Universal Journal of Educational Research Vol. 3(9), pp. 632 - 639
DOI: 10.13189/ujer.2015.030907
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The Role of Prior Warning on Test Performance: How Effective Is It to Improve Students' Grades?

Rafiuddin Ahmed *
College of Business, James Cook University, Australia


Students' use of test information to prepare for a test in a controlled or supervised test environment has been examined in studies outside Australia. This paper reports the findings of the use of test information and its value, in terms of an improvement/decline in marks, in an actual test of an undergraduate subject taught at an Australian university. Using a questionnaire survey of students, the study finds that students overall don't perceive test information useful, there is no statistically significant difference in performance between known and unknown questions, students' scores improve from the use of information and in some instances the improvements are statistically significant between students with different characteristics. The paper contributes to our understanding of students' willingness to use information and the benefits of such information to study and perform for improved test scores. The study has implications for educators making test information available as a preferred practice or universities using it as part of a policy to improve student retention rates or supplement evaluation of students' learning.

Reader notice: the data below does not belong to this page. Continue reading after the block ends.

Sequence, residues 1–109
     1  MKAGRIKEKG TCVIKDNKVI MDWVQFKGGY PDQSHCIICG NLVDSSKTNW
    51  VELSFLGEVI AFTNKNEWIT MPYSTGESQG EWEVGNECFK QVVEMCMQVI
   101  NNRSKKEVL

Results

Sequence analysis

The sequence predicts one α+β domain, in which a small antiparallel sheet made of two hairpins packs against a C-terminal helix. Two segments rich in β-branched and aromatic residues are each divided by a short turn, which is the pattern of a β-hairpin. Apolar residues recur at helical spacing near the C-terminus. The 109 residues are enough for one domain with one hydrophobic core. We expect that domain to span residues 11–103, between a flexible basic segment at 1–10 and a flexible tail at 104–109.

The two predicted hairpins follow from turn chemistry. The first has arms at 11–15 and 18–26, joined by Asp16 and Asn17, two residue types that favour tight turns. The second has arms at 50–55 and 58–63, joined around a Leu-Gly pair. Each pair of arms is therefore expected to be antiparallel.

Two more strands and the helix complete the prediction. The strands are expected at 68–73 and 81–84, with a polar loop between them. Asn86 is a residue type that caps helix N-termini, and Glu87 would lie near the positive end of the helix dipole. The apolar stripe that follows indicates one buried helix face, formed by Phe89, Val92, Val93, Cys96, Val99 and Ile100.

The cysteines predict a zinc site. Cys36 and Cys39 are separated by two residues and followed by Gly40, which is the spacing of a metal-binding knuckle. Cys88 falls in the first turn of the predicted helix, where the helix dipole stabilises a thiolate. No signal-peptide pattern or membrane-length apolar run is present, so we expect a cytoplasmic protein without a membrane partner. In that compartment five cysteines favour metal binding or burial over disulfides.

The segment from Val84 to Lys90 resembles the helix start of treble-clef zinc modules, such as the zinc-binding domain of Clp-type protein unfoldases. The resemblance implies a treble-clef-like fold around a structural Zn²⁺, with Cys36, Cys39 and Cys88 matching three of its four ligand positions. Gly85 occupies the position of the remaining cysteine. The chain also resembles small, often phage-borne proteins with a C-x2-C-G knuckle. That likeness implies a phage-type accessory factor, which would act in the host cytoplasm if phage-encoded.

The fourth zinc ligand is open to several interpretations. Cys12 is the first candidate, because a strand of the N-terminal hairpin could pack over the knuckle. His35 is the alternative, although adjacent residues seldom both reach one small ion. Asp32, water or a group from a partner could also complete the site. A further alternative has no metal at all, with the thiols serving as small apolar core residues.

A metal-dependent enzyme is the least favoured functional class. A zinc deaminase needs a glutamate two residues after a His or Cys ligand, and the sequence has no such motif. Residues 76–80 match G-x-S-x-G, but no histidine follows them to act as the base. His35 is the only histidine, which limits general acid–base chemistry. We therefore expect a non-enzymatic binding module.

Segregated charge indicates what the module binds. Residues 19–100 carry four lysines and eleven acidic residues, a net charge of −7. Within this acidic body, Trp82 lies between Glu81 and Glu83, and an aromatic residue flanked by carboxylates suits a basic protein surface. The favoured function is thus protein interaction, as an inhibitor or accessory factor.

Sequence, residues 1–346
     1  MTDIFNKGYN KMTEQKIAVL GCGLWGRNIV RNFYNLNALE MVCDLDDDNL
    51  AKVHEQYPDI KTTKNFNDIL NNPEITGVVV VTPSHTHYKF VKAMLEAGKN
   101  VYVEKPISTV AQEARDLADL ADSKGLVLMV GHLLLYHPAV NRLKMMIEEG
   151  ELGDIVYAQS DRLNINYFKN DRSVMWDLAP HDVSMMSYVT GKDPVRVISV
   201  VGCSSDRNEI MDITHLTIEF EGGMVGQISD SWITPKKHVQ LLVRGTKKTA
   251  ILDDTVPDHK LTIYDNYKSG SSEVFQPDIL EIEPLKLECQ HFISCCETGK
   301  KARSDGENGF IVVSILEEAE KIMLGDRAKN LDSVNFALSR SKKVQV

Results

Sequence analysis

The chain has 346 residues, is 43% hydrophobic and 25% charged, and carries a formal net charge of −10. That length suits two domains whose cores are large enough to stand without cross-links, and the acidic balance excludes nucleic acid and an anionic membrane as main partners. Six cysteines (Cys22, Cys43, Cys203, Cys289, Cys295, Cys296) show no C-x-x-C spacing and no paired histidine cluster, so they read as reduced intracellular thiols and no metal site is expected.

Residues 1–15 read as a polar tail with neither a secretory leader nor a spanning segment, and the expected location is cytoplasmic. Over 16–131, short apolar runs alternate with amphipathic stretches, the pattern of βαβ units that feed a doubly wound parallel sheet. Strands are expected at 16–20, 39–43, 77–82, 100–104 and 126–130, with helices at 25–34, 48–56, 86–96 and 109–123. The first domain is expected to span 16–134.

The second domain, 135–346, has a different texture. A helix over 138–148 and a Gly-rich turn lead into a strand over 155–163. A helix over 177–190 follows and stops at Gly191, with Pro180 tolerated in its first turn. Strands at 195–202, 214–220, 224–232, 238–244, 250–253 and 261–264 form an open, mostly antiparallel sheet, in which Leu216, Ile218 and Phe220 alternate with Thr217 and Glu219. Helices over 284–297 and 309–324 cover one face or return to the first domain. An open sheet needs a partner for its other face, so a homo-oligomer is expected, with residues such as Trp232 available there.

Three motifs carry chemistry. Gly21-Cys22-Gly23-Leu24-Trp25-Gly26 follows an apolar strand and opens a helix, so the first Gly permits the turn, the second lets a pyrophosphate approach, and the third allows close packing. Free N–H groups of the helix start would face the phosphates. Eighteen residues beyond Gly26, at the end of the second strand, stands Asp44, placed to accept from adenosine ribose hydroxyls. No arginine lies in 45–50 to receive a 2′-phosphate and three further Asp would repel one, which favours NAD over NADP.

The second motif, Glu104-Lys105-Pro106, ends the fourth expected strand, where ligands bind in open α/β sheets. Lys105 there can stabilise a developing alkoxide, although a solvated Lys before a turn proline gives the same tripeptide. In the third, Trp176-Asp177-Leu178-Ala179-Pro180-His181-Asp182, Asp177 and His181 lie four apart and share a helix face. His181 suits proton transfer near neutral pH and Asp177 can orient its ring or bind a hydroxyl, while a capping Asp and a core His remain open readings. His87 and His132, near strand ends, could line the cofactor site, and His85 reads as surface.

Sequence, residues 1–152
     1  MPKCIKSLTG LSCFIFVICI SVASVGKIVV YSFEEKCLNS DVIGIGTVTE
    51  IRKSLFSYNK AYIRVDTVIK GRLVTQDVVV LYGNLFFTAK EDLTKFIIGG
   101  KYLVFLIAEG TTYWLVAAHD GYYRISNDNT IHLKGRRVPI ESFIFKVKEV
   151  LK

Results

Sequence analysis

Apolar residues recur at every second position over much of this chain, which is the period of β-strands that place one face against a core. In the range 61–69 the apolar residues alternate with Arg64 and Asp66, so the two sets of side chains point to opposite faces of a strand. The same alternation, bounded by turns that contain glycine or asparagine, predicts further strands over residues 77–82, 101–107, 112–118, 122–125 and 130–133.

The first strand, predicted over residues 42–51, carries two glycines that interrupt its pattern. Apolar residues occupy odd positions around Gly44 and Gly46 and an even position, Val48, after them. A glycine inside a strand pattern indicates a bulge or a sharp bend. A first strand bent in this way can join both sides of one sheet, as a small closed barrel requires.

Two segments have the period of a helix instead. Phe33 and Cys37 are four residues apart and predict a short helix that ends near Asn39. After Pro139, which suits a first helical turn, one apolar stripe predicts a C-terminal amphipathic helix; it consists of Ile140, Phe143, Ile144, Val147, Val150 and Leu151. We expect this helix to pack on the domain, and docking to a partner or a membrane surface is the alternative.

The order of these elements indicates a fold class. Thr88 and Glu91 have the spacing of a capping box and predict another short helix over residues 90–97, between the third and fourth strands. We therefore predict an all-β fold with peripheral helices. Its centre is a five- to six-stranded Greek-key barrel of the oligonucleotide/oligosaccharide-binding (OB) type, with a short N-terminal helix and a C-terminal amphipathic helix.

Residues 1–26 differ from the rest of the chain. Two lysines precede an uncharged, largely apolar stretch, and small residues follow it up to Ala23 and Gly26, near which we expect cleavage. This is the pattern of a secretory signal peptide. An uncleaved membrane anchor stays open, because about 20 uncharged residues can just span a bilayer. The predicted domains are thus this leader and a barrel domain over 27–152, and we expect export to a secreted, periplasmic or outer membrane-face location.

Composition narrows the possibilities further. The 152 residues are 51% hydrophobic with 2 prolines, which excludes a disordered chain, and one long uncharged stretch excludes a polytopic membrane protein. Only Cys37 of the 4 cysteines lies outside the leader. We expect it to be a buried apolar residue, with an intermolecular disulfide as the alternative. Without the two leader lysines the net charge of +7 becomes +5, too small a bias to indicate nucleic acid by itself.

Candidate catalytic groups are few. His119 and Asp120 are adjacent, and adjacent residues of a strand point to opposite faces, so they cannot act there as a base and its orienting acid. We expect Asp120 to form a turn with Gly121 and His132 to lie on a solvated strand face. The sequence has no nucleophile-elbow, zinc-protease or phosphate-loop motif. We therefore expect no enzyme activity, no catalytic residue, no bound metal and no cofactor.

Warning, Test Performance, GLM Method, Anxiety, Study Approach, Management Accounting

Cite this paper
Rafiuddin Ahmed . "The Role of Prior Warning on Test Performance: How Effective Is It to Improve Students' Grades?." Universal Journal of Educational Research 3.9 (2015) 632 - 639. doi: 10.13189/ujer.2015.030907.